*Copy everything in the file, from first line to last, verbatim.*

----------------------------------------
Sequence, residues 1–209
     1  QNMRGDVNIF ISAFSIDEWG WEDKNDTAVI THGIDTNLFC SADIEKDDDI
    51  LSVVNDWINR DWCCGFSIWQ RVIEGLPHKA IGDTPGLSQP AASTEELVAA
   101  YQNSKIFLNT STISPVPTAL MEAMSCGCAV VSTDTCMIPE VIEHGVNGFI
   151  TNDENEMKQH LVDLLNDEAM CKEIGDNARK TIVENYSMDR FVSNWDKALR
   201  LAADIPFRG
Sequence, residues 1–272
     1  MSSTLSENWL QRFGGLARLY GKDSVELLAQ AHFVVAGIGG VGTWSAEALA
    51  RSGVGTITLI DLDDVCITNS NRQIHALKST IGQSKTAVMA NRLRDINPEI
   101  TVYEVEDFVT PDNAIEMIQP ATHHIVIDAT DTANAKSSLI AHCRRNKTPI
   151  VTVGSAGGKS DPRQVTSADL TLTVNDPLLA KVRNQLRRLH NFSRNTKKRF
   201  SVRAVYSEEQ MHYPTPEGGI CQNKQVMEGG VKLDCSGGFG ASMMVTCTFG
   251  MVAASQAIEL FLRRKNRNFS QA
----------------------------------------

Sequence, residues 1–209
     1  QNMRGDVNIF ISAFSIDEWG WEDKNDTAVI THGIDTNLFC SADIEKDDDI
    51  LSVVNDWINR DWCCGFSIWQ RVIEGLPHKA IGDTPGLSQP AASTEELVAA
   101  YQNSKIFLNT STISPVPTAL MEAMSCGCAV VSTDTCMIPE VIEHGVNGFI
   151  TNDENEMKQH LVDLLNDEAM CKEIGDNARK TIVENYSMDR FVSNWDKALR
   201  LAADIPFRG
Sequence, residues 1–272
     1  MSSTLSENWL QRFGGLARLY GKDSVELLAQ AHFVVAGIGG VGTWSAEALA
    51  RSGVGTITLI DLDDVCITNS NRQIHALKST IGQSKTAVMA NRLRDINPEI
   101  TVYEVEDFVT PDNAIEMIQP ATHHIVIDAT DTANAKSSLI AHCRRNKTPI
   151  VTVGSAGGKS DPRQVTSADL TLTVNDPLLA KVRNQLRRLH NFSRNTKKRF
   201  SVRAVYSEEQ MHYPTPEGGI CQNKQVMEGG VKLDCSGGFG ASMMVTCTFG
   251  MVAASQAIEL FLRRKNRNFS QA